The problem is, it isn’t true.
The breakthroughs that revolutionized the natural gas industry — massive hydraulic fracturing, new mapping tools and horizontal drilling — were made possible by the government agencies that critics insist are incapable of investing wisely in new technology.
This will surprise those steeped in the hagiography of George Mitchell, the tenacious Texas oil man who proved that gas could be drawn from shale rock at a profit. The popular telling has Mitchell spending 20 lonely years pursuing the breakthroughs to tap the Barnett Shale, an underground expanse.
While Mitchell did face skepticism from industry, and from many of his employees, he overcame the myriad obstacles to cheap shale gas extraction with help from technologies developed with taxpayer money.
Slick-water fracking, the technology that Mitchell used to crack the shale gas code, was adapted from massive hydraulic fracturing, a technology first demonstrated by the Energy Department in 1977. Over the next two decades, Mitchell and others, with government support, tinkered with the technology, exploring ways to use fewer chemicals and more water, which substantially reduced the cost of extraction.
Mitchell learned of shale’s potential from the Eastern Gas Shales Project, a partnership begun in 1976 between the Energy Department’s Morgantown Energy Research Center and dozens of companies and universities that sought to demonstrate natural gas recovery in shale formations and to map and test core samples from unconventional natural gas deposits. Starting in 1981, Mitchell’s geologists drew heavily on that research to guide their explorations.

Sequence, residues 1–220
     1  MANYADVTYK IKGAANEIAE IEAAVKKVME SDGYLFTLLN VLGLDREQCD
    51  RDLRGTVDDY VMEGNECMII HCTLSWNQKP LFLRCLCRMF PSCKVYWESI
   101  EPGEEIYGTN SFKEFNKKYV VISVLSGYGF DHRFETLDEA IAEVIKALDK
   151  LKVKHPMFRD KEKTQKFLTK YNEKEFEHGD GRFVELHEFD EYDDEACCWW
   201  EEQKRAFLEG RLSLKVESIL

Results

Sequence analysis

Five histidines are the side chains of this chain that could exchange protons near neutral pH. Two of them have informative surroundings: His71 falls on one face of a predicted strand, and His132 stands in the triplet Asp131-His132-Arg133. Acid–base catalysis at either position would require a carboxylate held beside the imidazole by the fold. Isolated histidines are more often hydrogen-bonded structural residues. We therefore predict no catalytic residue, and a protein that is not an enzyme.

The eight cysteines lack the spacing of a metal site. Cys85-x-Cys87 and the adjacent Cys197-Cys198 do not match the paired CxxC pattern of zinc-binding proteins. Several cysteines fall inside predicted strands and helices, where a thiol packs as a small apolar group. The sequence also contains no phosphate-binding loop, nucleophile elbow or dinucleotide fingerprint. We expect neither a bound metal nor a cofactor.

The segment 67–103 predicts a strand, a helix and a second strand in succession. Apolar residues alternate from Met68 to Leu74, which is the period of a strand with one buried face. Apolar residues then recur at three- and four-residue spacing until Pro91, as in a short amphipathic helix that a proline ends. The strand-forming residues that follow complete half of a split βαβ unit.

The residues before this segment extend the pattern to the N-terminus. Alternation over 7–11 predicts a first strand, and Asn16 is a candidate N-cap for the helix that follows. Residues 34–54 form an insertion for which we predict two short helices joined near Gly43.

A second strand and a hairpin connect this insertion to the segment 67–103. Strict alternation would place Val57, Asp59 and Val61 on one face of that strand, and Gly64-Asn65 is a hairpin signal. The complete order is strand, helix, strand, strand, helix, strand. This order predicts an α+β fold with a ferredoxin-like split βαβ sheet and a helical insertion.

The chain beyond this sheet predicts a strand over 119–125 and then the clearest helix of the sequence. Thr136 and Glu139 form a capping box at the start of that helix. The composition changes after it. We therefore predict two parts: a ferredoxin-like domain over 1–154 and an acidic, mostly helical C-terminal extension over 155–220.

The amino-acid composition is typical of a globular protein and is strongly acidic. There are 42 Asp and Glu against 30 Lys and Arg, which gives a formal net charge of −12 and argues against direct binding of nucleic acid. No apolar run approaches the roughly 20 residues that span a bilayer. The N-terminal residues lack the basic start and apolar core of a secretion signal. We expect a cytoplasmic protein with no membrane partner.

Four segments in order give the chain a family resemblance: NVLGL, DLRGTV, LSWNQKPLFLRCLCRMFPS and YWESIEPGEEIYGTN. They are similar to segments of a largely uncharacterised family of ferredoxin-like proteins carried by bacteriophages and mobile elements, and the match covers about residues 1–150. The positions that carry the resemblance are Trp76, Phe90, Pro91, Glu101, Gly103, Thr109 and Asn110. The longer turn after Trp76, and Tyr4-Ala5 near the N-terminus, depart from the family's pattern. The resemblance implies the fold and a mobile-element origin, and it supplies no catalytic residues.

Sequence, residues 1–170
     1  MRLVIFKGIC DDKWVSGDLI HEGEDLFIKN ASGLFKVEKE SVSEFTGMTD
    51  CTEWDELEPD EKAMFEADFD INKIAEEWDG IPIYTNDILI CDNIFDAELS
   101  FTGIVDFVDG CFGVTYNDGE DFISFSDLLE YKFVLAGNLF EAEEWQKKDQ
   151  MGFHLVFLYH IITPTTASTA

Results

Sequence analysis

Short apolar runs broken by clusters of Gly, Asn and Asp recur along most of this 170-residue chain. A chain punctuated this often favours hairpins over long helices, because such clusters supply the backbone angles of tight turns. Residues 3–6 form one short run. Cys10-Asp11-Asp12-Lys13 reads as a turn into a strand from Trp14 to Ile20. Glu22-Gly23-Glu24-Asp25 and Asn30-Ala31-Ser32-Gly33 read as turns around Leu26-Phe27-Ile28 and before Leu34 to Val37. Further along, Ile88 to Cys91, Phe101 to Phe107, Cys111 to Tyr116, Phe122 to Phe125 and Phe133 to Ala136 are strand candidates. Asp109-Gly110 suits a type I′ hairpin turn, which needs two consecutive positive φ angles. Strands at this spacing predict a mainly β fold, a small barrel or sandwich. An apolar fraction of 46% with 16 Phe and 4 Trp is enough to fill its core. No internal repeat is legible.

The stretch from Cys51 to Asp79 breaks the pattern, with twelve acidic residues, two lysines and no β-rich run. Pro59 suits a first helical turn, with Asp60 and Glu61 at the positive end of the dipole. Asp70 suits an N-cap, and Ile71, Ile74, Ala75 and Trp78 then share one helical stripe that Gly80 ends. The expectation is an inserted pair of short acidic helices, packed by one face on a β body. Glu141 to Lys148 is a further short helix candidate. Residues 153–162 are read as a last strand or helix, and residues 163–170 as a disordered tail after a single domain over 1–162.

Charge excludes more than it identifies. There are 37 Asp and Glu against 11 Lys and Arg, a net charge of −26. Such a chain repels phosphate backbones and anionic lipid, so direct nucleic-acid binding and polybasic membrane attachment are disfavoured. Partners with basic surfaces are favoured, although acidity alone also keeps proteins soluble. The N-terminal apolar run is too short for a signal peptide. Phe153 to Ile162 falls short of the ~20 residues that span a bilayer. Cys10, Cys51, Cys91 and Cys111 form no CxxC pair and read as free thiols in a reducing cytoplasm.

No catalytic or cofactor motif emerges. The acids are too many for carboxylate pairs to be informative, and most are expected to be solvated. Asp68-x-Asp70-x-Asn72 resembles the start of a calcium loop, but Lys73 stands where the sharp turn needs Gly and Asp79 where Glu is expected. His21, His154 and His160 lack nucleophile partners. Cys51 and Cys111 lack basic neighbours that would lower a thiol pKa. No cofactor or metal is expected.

Mitchell’s success depended on a revolution in monitoring and mapping technologies driven largely by government labs. The new technologies allowed geologists to more precisely map and understand shale formations. In 1991, Mitchell asked the publicly funded Gas Research Institute, then funded by a tax on gas production, and the Energy Department for help. Sandia National Labs provided Mitchell with many critical microseismic tools. Mitchell also benefited from 3-D imaging, which the Energy Department had long supported.
The third critical technology was horizontal drilling and well installation, a breakthrough that captured much more shale gas than conventional vertical wells had. The government had supported innovative drilling methods since the ’70s; in 1976, two government engineers, Joseph Pasini III and William K. Overby Jr., patented an early-stage directional drilling technology that became the precursor to horizontal drilling. A decade later, a joint venture between the Energy Department and industry drilled the first horizontal Devonian shale well, which allowed gas to be extracted from multiple fractures and wells.